Festival going sustainable
Soundsplash Festival is returning to Raglan following an eight-year hiatus.
With the second line-up announcement having just been released, the three-day ecofriendly event looks to make a spectacular comeback in January.
On the top of the bill are renowned local artists Tiki Taane, Hollie Smith, Six60, Little Bushman and State of Mind, to a name but a few on a solid list of more than 30 acts, including overseas performers and DJs.
Soundsplash organiser Naomi Ruawai said the event used to be called Soundsplash Eco Reggae Festival, with an “eco zone” set out to run workshops about sustainability practices, how to look after the environment as a community and as an individual.
“We now incorporate the sustainability within all areas of the festival the best we can, solar power for charging devices, biodegradable packaging with all vendors, bamboo structures, and composting our waste,” said Ruawai.
Having been to various concerts, festivals, cultural or sporting events where she saw rubbish scattered widely on the ground, Ruawai wanted to see Soundsplash take a further step up in sustainability.
Her children attended Whaingaroa Kohanga Reo, where she was kaitiaki or parent help. She learned about recycling through the systems that were in place there, and started to buy products in packaging that could either be recycled or reduced.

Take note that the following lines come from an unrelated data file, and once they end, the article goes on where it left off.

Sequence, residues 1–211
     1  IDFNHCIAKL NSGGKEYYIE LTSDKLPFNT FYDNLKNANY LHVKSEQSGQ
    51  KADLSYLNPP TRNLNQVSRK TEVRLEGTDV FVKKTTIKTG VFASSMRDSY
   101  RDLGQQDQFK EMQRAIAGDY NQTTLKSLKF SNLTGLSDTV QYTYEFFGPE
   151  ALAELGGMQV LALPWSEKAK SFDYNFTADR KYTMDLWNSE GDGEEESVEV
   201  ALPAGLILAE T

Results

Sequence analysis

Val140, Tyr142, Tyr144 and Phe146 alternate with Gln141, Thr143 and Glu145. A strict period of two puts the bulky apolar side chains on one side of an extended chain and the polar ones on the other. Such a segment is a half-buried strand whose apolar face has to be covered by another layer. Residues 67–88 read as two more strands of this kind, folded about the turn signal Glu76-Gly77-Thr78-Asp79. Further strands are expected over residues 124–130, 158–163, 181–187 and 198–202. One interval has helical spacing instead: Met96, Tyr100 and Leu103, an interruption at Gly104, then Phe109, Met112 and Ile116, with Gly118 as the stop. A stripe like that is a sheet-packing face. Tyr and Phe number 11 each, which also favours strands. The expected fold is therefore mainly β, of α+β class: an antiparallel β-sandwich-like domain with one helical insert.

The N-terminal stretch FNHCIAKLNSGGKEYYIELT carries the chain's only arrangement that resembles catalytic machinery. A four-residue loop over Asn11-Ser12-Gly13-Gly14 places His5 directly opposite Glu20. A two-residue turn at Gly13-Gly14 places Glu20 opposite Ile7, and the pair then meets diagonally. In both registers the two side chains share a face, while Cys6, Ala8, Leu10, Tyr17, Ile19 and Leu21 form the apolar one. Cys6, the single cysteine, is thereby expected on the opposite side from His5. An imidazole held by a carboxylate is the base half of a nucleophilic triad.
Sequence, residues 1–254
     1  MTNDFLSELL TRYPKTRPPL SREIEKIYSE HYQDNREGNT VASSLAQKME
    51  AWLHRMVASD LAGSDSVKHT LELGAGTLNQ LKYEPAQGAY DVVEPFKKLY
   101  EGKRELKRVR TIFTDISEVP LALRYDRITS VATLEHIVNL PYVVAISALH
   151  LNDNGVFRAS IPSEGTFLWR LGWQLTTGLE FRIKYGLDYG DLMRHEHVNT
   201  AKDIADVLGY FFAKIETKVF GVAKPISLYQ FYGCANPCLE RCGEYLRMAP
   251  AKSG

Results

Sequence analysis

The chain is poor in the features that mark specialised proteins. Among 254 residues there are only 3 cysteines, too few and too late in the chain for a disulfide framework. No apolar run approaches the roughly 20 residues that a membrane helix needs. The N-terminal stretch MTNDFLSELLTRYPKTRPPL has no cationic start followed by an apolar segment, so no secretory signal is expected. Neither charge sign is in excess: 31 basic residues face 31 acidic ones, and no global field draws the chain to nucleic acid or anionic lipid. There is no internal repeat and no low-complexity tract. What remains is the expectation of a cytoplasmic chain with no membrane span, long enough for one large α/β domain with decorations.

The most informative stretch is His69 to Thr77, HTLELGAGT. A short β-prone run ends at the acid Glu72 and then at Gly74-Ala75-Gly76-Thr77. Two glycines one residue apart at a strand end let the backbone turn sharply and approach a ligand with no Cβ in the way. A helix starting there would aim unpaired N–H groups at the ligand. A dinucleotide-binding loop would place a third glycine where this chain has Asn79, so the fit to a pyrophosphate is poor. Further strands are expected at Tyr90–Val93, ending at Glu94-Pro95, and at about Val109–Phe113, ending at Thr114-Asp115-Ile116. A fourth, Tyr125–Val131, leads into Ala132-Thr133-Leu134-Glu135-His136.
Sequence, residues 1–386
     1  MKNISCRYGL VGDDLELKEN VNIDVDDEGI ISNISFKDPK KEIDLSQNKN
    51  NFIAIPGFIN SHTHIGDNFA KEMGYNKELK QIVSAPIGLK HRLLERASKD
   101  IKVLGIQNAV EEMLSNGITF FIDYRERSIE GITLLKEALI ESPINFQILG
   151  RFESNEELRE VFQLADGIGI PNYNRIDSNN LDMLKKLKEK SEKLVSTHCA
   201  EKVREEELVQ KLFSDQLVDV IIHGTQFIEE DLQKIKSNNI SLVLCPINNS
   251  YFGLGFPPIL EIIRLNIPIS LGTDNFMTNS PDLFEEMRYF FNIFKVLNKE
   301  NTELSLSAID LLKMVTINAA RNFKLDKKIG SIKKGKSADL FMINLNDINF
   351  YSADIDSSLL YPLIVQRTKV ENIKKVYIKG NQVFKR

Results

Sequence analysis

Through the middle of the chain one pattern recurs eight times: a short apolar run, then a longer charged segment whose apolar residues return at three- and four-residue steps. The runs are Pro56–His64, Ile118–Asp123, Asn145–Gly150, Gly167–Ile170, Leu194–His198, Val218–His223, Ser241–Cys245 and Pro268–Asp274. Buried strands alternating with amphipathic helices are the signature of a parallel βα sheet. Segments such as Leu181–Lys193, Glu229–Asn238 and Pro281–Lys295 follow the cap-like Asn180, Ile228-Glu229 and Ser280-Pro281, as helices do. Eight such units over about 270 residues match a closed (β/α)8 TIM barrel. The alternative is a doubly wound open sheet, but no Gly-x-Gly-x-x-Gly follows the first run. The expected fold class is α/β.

“This is where Imet my friends Rick Thorpe and Liz Stanway from Xtreme Zero Waste, who taught me a lot about reducing waste,” said Ruawai.
“Many years on, it has led to the last festival waste being converted into compost by Liz.”
The team effort between Soundsplash and Xtreme Zero Waste has enabled the creation of a zero waste plan.
“For me, it starts with the vendors— what is their packaging, what is it made of, and how could the festival minimise waste packaging and not create more unnecessary waste?” said Ruawai. “I found that many products are sold with no regard to what packaging is used. Those products won’t be sold by vendors at the festival. All vendors must have biodegradable packaging.”
Xtreme Zero Waste is providing clearly marked bins for recycling, compost and landfill, with volunteers stationed at the bin sites to guide the waste into the correct ones.
We now incorporate the sustainability within all areas of the festival the best we can
Naomi Ruawai Soundsplash Festival owner
Attendees at Soundsplash will be encouraged to minimise waste. Those camping will be given bio bags to dispose of organic materials, and times will be set for them to put their bio bags out for collection during the three-day festival.
“There is always learning to be gained, especially if products keep getting packaged to effect the environment and communities,” said Ruawai. “Next festival we are introducing plastic bag-free, to reduce the plastic bags onsite. We will have workshops including wellbeing and eco practices, giving attendees tools to go home with and create or add to their own awareness with sustainable practices.”
Soundsplash returns to Raglan in January.